Endangered Species

Biodiversity, Climate Change Solutions Inextricably Linked

The remarkable biodiversity of the countries of the Caribbean, already under stress from human impacts like land use, pollution, invasive species, and over-harvesting of commercially valuable species, now faces an additional threat from climate change.

OPINION: A Roadmap to Living – and Thriving – in Harmony with Nature

In Nagoya, Japan, in 2010, the international community made a commitment to future generations by adopting the Strategic Plan for Biodiversity 2011–2020 and 20 Aichi Biodiversity Targets.

Cuba’s Burgeoning Private Sector Hungry for Flora and Fauna

The lack of markets to supply raw materials for Cuba’s new private sector, along with the poverty in isolated rural communities, is fuelling the poaching of endangered species of flora and fauna.

OP-ED: Protect Elephants and Gorillas to Sustain Our Forests

Of the endangered species listed for protection under the Convention on Migratory Species (CMS) a great many are forest dwellers – West African elephants, gorillas, bats and many birds.  

This Bird Has Flown – Forever

The extinction of a single species (a fish off the coast of Cuba, a bird in the Brazilian forest) creates a void that can trigger a whole series of repercussions, from the alteration of ecosystems to increased hunger.

Japan’s Uneven Conservation Efforts

Efforts to protect the critically endangered Iriomote wildcat, a spotted, shy, feral creature native to the tiny Iriomote Island that forms part of the Okinawa Prefecture in southern Japan, are becoming a highly respected model of conservation here, where the government’s uneven track record in protecting imperiled species has frustrated wildlife activists for decades.

U.S. Has “Largely Failed” to Protect Marine Species

Environmentalists on Monday filed a petition with the U.S. government requesting regulatory safeguards for 81 particularly vulnerable marine wildlife species, from corals to sharks.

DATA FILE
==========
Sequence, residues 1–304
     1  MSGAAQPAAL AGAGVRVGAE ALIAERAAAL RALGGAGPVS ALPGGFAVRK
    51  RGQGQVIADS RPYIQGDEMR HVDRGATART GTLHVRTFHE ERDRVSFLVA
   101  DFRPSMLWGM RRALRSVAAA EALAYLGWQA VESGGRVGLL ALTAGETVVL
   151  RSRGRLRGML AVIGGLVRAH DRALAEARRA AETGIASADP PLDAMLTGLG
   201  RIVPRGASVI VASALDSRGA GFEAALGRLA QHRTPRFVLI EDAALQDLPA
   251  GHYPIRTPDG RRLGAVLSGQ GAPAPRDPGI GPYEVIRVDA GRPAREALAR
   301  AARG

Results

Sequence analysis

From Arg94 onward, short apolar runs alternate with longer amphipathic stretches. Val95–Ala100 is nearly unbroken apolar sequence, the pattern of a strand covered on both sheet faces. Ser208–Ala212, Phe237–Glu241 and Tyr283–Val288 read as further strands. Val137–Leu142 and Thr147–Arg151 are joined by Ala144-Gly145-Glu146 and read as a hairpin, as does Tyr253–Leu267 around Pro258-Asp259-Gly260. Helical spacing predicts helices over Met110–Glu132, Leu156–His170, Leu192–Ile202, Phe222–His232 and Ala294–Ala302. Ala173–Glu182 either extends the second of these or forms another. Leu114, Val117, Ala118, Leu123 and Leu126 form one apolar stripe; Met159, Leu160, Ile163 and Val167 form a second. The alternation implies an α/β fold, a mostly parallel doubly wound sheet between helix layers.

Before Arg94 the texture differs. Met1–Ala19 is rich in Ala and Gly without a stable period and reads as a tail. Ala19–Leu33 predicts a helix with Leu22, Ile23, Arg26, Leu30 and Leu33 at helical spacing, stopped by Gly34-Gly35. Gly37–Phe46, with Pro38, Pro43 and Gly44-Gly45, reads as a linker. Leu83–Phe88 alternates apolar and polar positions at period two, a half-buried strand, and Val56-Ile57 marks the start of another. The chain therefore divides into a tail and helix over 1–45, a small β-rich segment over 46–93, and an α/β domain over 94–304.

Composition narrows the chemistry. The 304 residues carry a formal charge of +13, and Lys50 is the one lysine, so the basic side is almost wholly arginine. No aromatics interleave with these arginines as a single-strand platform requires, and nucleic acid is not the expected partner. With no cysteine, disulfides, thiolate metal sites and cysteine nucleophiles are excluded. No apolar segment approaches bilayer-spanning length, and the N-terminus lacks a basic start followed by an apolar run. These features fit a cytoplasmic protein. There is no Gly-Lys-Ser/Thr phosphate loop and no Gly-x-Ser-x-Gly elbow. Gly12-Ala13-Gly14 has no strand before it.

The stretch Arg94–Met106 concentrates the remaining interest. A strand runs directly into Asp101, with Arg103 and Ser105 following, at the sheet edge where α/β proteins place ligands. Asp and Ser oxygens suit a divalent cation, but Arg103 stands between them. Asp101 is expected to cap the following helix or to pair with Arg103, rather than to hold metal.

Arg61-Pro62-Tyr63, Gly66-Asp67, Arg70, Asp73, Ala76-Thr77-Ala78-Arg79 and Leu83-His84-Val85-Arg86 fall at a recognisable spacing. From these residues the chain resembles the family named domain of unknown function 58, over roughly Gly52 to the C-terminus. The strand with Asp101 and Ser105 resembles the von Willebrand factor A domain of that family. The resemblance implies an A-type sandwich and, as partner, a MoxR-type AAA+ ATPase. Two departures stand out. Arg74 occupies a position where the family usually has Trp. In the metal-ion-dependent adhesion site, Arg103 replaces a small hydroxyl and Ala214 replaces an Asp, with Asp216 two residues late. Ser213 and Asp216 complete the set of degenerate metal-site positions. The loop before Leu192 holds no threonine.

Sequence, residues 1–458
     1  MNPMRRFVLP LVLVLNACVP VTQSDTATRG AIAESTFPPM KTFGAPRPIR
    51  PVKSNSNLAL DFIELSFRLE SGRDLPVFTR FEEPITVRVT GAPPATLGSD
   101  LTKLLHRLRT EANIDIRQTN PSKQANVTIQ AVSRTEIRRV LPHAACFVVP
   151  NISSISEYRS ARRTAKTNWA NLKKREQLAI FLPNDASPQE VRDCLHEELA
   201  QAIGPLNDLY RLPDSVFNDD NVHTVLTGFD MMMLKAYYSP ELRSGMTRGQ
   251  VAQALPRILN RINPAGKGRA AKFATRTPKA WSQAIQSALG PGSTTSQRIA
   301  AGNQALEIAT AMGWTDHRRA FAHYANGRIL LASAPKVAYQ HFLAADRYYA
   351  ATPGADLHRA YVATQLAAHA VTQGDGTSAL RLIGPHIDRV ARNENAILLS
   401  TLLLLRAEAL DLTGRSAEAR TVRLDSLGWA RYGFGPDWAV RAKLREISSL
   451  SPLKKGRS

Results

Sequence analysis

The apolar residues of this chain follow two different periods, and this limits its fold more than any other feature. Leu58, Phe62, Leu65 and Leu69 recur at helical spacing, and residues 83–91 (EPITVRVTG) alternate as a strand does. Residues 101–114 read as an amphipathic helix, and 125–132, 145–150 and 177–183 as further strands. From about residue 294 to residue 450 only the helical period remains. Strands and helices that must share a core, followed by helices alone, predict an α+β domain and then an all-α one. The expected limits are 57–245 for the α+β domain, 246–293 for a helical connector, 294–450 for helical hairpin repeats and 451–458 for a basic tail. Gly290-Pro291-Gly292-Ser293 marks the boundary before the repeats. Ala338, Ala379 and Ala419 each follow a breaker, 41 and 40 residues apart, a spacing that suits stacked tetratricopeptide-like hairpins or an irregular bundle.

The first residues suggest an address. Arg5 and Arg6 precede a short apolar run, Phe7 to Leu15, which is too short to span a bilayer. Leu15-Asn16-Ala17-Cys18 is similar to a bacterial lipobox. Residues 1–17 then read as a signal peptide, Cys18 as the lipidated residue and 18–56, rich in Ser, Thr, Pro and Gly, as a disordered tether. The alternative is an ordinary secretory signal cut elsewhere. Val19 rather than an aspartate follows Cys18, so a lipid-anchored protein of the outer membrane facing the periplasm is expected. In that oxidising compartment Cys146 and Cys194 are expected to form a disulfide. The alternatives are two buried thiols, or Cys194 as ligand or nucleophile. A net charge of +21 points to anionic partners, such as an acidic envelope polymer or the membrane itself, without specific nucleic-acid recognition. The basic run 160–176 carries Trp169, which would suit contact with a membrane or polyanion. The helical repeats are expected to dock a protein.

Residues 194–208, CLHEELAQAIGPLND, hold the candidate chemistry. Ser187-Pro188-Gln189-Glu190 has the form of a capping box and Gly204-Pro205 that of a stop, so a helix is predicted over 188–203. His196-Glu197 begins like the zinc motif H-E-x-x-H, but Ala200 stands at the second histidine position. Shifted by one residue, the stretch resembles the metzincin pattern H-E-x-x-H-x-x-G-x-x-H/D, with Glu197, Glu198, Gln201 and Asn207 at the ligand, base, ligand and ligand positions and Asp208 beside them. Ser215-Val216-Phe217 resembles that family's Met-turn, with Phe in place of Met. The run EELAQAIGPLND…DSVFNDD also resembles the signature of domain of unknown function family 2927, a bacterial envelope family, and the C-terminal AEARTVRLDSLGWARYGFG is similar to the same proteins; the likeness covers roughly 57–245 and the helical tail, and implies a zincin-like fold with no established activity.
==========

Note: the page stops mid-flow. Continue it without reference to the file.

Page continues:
The Future of the Pacific Ocean Hangs in the Balance

The immense scale of the Pacific Ocean, at 165 million square kilometres, inspires awe and fascination, but for those who inhabit the 22 Pacific island countries and territories, it is the very source of life. Without it, livelihoods and economies would collapse, hunger and ill-health would become endemic and human survival would be threatened.

OP-ED: Incessant Killing of Elephants is Killing Africa’s Future

More civil unrest in Africa, another coup d’état, more reports of child soldiers in the front line, involvement of foreign troops, the poorest of the poor losing what little they have – and all the while the proceeds of a country’s wealth are diverted from much-needed social and economic development to financing death and destruction. 

Migratory “Flyways” Decimated by Human Expansion

Migratory birds, which play an important role in the complex web of life known as ecosystem services, are under threat as never before, with some species facing extinction within the next decade.

Sacrificing the Reef for Industrial Development

Mining and port development coupled with decreasing water quality along Australia’s north-eastern coast are threatening the continent’s World Heritage-listed tourist drawcard, the Great Barrier Reef.

The Clock Is Ticking on Koala Conservation

Australia’s iconic marsupial is under threat. Formerly hunted almost to extinction for their woolly coats, koalas are now struggling to survive as habitat destruction caused by droughts and bushfires, land clearing for agriculture and logging, and mining and urban development conspire against this cuddly creature.

Poachers Close in on Last Rhino Retreat

The year 2013 opened on a disastrous note for the one-horned rhinoceros of the northeastern Indian state of Assam. At the beginning of April, officials in the Kaziranga National Park (KNP), one of the last retreats left in South Asia for these endangered creatures, reported that 17 rhinos had been poached.

Falcons Love the Taliban

While the Taliban’s military activities continue to plague Pakistan’s northern Federally Administered Tribal Areas (FATA), the incessant violence has been a blessing in disguise for one creature: the falcon.

Endangered Bird Falls Prey to Royal Hunting Games

Every year, between November and January, the Indus Flyway bears witness to a migration of an endangered bird species – the houbara bustard – from Central Asia to the deserts of Pakistan.

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